Your sales commission philosophy and sales commission structure are key tools to create both a healthy sales culture and a profitable organization. Sales leaders should read this article for a checklist to help you determine your strengths and weaknesses in your current plan.
A federal court recently handed down a landmark decision impacting commission structures in the real estate industry. Cited in the WSJ, “The National Association of Realtors and several larger residential brokers were found liable for about $1.8 billion in damages for conspiring to keep real estate commissions high for both buying and selling agents and eliminating competition for commission rates.”
Your commission plans play a big role in creating the right sales growth and a healthy sales culture. As we’re seeing play out in several industries there can be significant consequences if they don’t get the focus they deserve. (Remember the $3 billion ruling against Wells Fargo in 2020 for fraudulent sales practices? )
While not to the level of a legal ruling, many organizations are guilty of incenting unhealthy sales behaviors:
- Pulling in end of quarter deals through discounting, only to erode revenue and profit.
- Accelerators that stop at certain attainment levels, thereby stalling deals into a new quarter or even a new year.
- Lack of structured sales territory plans, resulting in unhealthy competition between sellers over who “earned” an account or a sale.
- No CRM or a CRM incorrectly aligned to a seller’s territory, resulting in missed commissions and a lack of trust in the commission process.
- Offering-specific incentives that are meant to spur sales in one product category or for one audience but end up alienating core product lines or core audiences.
- Incentive plans that change mid-quarter or mid-year without notice or a good reason. These changes are suspected of being used to reduce expenses around sales commissions.
- Lack of clarity around commission levers such as revenue, profit, or a blend of both. This includes difficult calculations, or calculations based on performance levers not in the seller’s control.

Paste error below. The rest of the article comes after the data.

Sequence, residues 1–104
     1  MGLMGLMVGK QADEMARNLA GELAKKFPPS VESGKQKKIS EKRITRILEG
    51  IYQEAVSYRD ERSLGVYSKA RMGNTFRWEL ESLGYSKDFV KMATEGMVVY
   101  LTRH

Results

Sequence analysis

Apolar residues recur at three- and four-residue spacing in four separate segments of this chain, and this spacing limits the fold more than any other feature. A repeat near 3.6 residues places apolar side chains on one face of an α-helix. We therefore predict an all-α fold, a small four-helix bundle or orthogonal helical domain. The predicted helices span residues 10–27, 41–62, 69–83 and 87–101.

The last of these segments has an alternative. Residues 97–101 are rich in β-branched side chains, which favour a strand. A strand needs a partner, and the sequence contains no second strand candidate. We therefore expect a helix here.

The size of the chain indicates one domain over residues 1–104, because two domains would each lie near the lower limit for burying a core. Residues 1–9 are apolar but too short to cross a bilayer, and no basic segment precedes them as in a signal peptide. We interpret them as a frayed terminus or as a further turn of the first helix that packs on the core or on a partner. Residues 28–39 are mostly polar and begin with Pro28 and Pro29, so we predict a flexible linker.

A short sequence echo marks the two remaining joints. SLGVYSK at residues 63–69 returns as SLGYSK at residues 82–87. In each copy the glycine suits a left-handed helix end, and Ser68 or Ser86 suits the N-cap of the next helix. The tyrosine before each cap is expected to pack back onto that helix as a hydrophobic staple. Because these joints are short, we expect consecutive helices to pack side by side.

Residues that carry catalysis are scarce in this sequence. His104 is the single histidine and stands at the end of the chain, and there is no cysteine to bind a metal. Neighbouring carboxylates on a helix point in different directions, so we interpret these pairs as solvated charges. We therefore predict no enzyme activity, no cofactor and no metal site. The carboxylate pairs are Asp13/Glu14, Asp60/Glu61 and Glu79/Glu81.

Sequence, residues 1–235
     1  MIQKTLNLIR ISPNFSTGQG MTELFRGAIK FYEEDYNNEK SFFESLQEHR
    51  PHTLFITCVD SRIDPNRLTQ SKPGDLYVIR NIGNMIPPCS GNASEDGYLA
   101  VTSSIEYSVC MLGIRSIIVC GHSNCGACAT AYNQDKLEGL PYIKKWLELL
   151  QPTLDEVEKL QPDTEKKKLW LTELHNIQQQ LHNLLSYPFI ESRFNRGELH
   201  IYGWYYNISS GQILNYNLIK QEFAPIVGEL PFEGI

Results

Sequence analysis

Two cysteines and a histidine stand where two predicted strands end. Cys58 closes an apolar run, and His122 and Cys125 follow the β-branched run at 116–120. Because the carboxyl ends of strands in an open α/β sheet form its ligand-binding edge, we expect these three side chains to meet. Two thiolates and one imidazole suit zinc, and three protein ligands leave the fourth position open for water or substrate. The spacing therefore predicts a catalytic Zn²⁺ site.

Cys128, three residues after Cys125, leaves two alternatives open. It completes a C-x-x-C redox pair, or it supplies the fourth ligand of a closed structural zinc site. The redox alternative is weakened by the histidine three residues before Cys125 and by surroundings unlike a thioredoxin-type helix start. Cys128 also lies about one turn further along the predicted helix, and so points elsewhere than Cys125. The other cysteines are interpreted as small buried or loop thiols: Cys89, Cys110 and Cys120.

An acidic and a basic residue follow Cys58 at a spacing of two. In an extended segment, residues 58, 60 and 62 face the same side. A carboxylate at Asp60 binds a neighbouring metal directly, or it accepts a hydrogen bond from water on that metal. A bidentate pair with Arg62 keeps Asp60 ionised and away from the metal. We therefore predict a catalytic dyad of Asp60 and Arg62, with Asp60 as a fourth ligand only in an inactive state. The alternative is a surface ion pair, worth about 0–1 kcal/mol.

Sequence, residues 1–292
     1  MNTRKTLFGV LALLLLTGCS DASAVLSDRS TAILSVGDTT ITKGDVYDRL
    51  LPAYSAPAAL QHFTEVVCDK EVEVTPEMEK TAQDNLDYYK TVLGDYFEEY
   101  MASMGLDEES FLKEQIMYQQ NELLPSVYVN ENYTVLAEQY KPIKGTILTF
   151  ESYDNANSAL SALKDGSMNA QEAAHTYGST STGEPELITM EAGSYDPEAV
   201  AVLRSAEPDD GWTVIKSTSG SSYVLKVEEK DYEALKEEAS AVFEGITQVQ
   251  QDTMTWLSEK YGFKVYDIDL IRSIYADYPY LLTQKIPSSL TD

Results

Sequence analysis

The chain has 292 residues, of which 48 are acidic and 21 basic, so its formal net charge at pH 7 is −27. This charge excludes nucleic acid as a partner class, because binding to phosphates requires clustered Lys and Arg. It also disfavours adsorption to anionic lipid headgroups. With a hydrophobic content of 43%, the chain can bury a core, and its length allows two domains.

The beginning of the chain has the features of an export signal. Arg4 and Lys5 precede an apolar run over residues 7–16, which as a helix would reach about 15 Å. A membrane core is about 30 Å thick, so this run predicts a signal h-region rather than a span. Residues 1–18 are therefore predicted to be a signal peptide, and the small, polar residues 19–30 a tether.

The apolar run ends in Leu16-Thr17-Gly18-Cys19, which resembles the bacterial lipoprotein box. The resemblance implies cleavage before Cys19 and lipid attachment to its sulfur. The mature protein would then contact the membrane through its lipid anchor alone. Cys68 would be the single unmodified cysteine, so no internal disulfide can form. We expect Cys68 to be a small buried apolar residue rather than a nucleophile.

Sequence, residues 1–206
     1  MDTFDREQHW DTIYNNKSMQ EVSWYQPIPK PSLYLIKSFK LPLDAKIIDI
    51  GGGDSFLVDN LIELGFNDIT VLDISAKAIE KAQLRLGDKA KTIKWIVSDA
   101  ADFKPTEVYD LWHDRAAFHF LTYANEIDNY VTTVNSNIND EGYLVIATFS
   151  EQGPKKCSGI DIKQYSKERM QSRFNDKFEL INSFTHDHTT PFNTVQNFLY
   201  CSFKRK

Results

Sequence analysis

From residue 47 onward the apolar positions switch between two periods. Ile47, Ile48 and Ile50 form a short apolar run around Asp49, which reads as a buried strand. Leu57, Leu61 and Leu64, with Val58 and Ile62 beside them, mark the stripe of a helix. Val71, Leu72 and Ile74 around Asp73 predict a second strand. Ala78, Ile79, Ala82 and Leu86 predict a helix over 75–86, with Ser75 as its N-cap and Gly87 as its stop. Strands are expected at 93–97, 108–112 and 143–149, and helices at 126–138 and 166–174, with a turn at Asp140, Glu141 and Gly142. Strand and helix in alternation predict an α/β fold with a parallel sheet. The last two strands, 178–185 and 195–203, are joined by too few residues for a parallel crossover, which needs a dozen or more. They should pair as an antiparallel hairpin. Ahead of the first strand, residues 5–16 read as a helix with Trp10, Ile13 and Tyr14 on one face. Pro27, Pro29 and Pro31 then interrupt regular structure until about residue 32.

Building a Healthy Sales Culture and a Profitable Bottom Line with Sales Commission
Your sales commission philosophy and structure are one of your key tools to creating both a healthy sales culture and a profitable organization. This checklist can help you determine your strengths and weaknesses in your current plan.
- Do you have clear pricing and profit models? Review your current pricing and profit models, and also ensure that your sales team understands your pricing and profit models. When they understand the why and the how of your models, they will be more engaged in exceeding their quota.
- Is your commission plan simple and transparent? Any commission plan should be easy for a sales professional to calculate the commission on their opportunities. Transparency includes clarity around why a commission plan was created in a certain way, along with the terms and conditions of the plan.
- Is your commission plan consistent? Commission plans that have consistency over time related to calculations, accelerators, and payout timing will build trust. This includes accuracy of the commission plans.
- Is your plan based on reliable growth in the market? A plan based on inflated growth percentages won’t create an environment for the right behaviors. If anything, it will deflate the sales team and can cause significant goal regression. If you’re incenting high levels of growth, consider a forecasted goal and a stretch goal. Behind the scenes, understand your organizational health at both levels to prevent organizational spending based on the stretch goal.
- Are you clear with revenue and profit guidelines? If your commission structure is based on revenue, confirm that there are protections in place to prevent selling at unprofitable levels. If your commission structure is based on profit, watch for areas where sellers don’t control profit variables (recent examples are product costs, freight increases, and labor demand) and may be unfairly penalized. Additionally, team quotas and incentives are mistake prone; they also need to be clear, simple, and easy to calculate.
- Do you focus on growth areas without de-incentivizing core areas? For organizations with diversified offerings, or trying to capitalize on an industry trend, take care not to over-focus on those areas at the expense of core offerings. You may find yourself needing to course correct and make up for erosion in your core markets.
- Do you incent solid decision making at any time of the year. Quarter-end and year-end shouldn’t be triggers to discount. That trains our customers how to treat us (waiting for that time of the year because they know they will receive a discount), and it erodes a seller’s commission check.
The real estate industry and Wells Fargo examples might be extreme examples and may never happen in your industry or organization. But your customers and partners are likely more attuned to understanding how your sales professionals are compensated and are understandably wary of potentially being connected to bad practices. Your commission structure isn’t something you can afford to ignore. A commission structure that reinforces the right behaviors and incentivizes sustainable growth is something worth investing in.
Enhance Your Sales Structure
There’s no better time than now to focus on enhancing your sales structure. I can help you and your team grow sales results through my sales training program, sales consulting, and sales assessment services. Let’s talk. Contact me to schedule time for a discovery conversation.